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I like to design using Omnigraffle, which can save files in PDF and several other standardized vector formats. I realize that "mockup to HTML" paid crowdsourcing services are a dime a dozen, but what about automatic conversion? Of course it's a very hard problem to solve computationally, but...

What are the most reliable software tools out there for automatically (or semi-automatically) converting a mockup (i.e. a PDF showing rectangular regions of color, text, and graphics) into tidy HTML+assets?

This is not asking about anything interactive like FORM controls, just static visual layout expressed cleanly in HTML.

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4 Answers 4

up vote 3 down vote accepted

A human.

In fact, that's the only reliable way.

Provided by 'reliable' we're talking some semblance of production ready/quality markup/css and JS.

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Acrobat: File > Save As > Other Options > HTML WebPage.. then manually clean up.

I don't believe any automated method gives clean HTML. They all require some massaging no matter how good they claim to be. And any conversion also depends greatly upon construction of the PDF or original layout format.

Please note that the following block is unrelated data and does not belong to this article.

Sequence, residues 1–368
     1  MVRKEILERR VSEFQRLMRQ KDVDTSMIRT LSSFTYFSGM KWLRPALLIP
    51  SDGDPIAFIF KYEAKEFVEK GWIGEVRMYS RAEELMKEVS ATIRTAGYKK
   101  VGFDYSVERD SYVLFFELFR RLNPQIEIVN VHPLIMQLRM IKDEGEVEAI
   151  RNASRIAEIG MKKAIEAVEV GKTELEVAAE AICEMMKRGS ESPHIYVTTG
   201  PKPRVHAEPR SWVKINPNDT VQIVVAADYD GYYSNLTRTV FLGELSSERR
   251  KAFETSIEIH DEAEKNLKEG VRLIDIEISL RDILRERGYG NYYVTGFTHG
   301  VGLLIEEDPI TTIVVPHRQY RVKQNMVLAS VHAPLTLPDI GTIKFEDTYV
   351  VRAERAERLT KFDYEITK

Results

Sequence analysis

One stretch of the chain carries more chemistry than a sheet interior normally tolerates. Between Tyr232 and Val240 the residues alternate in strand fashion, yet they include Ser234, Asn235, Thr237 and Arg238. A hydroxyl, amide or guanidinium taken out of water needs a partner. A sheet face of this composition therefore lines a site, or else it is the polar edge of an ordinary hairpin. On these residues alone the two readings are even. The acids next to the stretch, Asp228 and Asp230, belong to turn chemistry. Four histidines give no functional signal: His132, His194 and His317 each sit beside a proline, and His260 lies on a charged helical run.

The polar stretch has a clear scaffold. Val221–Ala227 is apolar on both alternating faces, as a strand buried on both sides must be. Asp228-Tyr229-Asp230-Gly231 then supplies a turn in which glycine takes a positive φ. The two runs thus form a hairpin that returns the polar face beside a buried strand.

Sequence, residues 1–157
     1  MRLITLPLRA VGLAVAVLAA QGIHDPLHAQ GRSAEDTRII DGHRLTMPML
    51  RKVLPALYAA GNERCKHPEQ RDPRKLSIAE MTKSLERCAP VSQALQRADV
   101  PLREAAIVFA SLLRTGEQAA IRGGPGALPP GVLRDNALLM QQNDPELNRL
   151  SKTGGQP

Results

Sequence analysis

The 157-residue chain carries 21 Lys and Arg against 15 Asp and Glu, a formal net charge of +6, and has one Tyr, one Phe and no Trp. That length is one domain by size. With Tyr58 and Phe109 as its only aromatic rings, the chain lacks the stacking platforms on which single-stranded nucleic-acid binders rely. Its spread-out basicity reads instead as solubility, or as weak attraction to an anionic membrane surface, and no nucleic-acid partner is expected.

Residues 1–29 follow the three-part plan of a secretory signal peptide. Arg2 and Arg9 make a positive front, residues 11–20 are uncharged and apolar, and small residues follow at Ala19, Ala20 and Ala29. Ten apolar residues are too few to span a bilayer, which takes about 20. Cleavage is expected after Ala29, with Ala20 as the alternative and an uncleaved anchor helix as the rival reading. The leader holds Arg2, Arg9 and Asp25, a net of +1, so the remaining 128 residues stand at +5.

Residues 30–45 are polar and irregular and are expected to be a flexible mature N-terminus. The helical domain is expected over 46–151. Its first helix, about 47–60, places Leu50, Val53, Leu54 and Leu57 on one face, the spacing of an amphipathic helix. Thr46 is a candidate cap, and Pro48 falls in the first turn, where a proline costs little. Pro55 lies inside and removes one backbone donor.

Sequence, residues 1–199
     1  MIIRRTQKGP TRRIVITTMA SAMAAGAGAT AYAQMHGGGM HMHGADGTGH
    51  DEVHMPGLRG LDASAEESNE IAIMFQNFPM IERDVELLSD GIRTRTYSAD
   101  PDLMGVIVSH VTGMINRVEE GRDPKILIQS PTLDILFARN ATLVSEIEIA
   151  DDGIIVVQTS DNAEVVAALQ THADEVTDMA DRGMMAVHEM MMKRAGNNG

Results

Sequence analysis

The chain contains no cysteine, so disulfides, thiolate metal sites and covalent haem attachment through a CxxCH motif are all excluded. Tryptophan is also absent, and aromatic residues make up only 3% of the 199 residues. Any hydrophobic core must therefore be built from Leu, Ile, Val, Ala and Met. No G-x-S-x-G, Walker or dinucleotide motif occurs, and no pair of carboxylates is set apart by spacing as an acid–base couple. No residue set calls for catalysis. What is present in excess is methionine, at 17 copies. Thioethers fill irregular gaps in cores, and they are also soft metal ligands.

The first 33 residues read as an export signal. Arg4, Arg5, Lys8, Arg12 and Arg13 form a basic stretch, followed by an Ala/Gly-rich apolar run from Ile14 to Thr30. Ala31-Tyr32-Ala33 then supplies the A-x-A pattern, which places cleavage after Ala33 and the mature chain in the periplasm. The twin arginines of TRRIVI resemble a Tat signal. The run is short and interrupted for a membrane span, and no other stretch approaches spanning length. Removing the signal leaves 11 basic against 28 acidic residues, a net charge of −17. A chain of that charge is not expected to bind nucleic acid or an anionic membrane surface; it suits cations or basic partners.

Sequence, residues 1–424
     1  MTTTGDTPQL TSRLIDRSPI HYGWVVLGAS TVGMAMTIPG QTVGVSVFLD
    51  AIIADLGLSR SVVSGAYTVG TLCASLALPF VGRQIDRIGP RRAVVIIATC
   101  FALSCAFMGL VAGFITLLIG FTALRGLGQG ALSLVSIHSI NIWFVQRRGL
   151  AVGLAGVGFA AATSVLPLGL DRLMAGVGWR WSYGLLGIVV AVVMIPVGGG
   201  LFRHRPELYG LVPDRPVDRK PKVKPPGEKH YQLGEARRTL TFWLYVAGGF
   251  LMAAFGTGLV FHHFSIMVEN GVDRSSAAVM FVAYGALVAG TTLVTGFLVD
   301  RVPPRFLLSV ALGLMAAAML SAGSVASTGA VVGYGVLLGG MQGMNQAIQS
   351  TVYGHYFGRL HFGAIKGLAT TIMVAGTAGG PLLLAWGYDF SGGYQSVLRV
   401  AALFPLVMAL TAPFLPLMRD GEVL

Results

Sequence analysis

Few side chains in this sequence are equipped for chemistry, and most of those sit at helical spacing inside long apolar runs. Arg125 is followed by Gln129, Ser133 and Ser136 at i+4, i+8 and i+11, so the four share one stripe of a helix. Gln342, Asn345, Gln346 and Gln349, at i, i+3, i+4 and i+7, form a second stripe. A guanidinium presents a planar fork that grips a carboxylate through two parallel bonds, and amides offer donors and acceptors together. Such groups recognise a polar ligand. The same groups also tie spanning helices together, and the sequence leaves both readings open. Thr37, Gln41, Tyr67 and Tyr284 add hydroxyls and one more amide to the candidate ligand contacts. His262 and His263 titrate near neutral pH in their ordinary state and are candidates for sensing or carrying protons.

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I agree and would also point out that 'massaging/cleanup' can often be more time consuming that just building it properly from scratch (an example would be any markup Axure produces). –  DA01 Nov 27 '12 at 4:36

"Cleanly" and "reliable" are the complicating factors here. There is thought that goes into building HTML and CSS that is not only reliable and easy to read but also easy to modify. Working with a reasonably good developer is the only clean and reliable path, in my experience.

Assuming you're trying to go it alone, you should reevaluate your workflow. Designing in Omnigraffle is your first step in the wrong direction. Have you considered something dedicated to the purpose like Dreamweaver or Fireworks? Their automated code output isn't what I would call clean by any stretch of the imagination, but it's going to give you a much better result than what you're looking for.

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Omnigraffle is certainly acceptable for concepting/wireframing. In fact, I'd say it's better than DW or FW for no other reason than you're not tempted to let it create your markup for you. ;) –  DA01 Nov 27 '12 at 4:37
    
It's fine for wireframes. It's terrible for design. I've compiled my own neutral UI kit over the years (something along these lines but with less 'flair'). I use it to throw wireframes together in Illustrator and later build it into a comp. –  plainclothes Nov 27 '12 at 4:43

There is a spectrum from the easiest to "best", and any point on it is a trade off between the two. A single, full-page image with image-map links is the easiest, but not the best choice. Table-based design is easy, but again, very inflexible and inefficient to modify. A site with content and design completely separated is the ideal, possible with some kind of content management, but it might be more than you need.

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